how to match '\r\n' in dos environment

Discussion in 'Perl' started by Liang, Aug 27, 2004.

  1. Liang

    Liang Guest

    hi,

    I want to convert a file from dos formate to unix format. This is very easy
    in unix. But in dos environment, the script can't work.

    The perl version I used is:5.001.

    Anyone knows the clue? thanks in advance,


    open(INPUT, "<$opt_f");
    rename( $opt_f, "$opt_f.bak") || die "Unable to rename $opt_f\n$!\n";
    open(OUTPUT, ">$opt_f");
    while(<INPUT>) {
    if ( s/\r\n/\n/ ) {
    $linesFixed++;
    }
    print OUTPUT;
    }
     
    Liang, Aug 27, 2004
    #1
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  2. Liang wrote:
    > I want to convert a file from dos formate to unix format. This is
    > very easy in unix. But in dos environment, the script can't work.


    You need to binmode the OUTPUT filehandle, or else the "\r" characters
    are reinserted by the OS when you write to OUTPUT.

    perldoc -f binmode

    --
    Gunnar Hjalmarsson
    Email: http://www.gunnar.cc/cgi-bin/contact.pl
     
    Gunnar Hjalmarsson, Aug 27, 2004
    #2
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  3. Liang wrote:
    > I want to convert a file from dos formate to unix format. This is
    > very easy in unix. But in dos environment, the script can't work.


    > if ( s/\r\n/\n/ ) {


    This works onUnix, because on Unix the \r is a Carriage Return (CR) and the
    \n a Line Feed (LF) which together happen to be the be Windows newline
    identifier and you are replacing them with a Unix newline identifier.

    On Windows the \r is a CR, too, but the \n is a combination of CR and LF. So
    effectively you are trying to replace CR+CR+LF with CR+LF. Doesn't make much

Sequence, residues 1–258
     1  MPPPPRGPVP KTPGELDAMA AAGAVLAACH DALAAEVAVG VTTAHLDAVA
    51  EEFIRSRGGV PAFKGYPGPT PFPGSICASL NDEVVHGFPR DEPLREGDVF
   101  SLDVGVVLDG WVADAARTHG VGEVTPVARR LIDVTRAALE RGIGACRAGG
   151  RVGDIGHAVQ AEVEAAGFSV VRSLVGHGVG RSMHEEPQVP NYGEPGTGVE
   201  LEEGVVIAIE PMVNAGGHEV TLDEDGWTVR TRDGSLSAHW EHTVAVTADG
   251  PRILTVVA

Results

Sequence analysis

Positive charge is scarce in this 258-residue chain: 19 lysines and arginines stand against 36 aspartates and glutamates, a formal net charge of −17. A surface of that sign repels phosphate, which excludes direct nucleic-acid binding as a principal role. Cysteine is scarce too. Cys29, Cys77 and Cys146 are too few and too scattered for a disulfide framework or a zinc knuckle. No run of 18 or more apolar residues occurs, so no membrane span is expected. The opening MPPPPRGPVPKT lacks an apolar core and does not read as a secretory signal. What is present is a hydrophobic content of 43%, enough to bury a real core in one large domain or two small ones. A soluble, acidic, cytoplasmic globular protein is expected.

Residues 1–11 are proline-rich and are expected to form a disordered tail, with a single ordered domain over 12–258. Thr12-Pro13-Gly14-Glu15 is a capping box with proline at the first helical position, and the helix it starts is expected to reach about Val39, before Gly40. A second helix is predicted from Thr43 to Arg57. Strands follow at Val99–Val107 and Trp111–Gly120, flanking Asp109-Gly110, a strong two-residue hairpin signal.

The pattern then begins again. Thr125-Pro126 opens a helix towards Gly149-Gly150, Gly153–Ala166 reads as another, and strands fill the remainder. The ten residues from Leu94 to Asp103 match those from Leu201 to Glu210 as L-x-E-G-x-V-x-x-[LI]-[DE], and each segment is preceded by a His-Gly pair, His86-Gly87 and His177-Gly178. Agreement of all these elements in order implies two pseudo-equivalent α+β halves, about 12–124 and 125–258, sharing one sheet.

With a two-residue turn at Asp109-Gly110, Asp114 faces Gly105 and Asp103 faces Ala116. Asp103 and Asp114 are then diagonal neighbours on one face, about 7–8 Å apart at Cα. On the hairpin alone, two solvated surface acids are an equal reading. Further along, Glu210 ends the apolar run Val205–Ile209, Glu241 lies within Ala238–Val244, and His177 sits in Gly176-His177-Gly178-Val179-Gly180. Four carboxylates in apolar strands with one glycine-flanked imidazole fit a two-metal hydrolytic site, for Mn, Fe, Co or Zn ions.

sense, does it.

    From "perldoc perlop":
    All systems use the virtual ""\n"" to represent a line terminator,
    called a "newline". There is no such thing as an unvarying, physical
    newline character. It is only an illusion that the operating system,
    device drivers, C libraries, and Perl all conspire to preserve. Not all
    systems read ""\r"" as ASCII CR and ""\n"" as ASCII LF. For example, on
    a Mac, these are reversed, and on systems without line terminator,
    printing ""\n"" may emit no actual data. In general, use ""\n"" when you
    mean a "newline" for your system, but use the literal ASCII when you
    need an exact character. For example, most networking protocols expect
    and prefer a CR+LF (""\015\012"" or ""\cM\cJ"") for line terminators,
    and although they often accept just ""\012"", they seldom tolerate just
    ""\015"". If you get in the habit of using ""\n"" for networking, you
    may be burned some day.

    jue
     
    Jürgen Exner, Aug 27, 2004
    #3
  4. Liang

    Joe Smith Guest

    Liang wrote:

    > But in dos environment, the script can't work.
    >
    > The perl version I used is:5.001.


    That's ancient. Upgrade to 5.8.x version.

    > open(INPUT, "<$opt_f");
    > rename( $opt_f, "$opt_f.bak") || die "Unable to rename $opt_f\n$!\n";


    Unlike Unix/Linux/Posix, some operating systems do not allow you to
    rename a file while it is open. You should open the file after the rename.

    -Joe
     
    Joe Smith, Aug 27, 2004
    #4
  5. Liang

    Liang Guest

    Thanks a lot, it works!

    "Gunnar Hjalmarsson" <> wrote in message
    news:4AFXc.101923$...
    > Liang wrote:
    > > I want to convert a file from dos formate to unix format. This is
    > > very easy in unix. But in dos environment, the script can't work.

    >
    > You need to binmode the OUTPUT filehandle, or else the "\r" characters
    > are reinserted by the OS when you write to OUTPUT.
    >
    > perldoc -f binmode
    >
    > --
    > Gunnar Hjalmarsson
    > Email: http://www.gunnar.cc/cgi-bin/contact.pl
     
    Liang, Aug 30, 2004
    #5
  6. Liang wrote:
    > Gunnar Hjalmarsson wrote:
    >> Liang wrote:
    >>> I want to convert a file from dos formate to unix format. This
    >>> is very easy in unix. But in dos environment, the script can't
    >>> work.

    >>
    >> You need to binmode the OUTPUT filehandle, or else the "\r"
    >> characters are reinserted by the OS when you write to OUTPUT.
    >>
    >> perldoc -f binmode

    >
    > Thanks a lot, it works!


    That's fine, but please read Jürgen's reply also for a more
    accurate/complete description of why.

    --
    Gunnar Hjalmarsson
    Email: http://www.gunnar.cc/cgi-bin/contact.pl
     
    Gunnar Hjalmarsson, Aug 30, 2004
    #6
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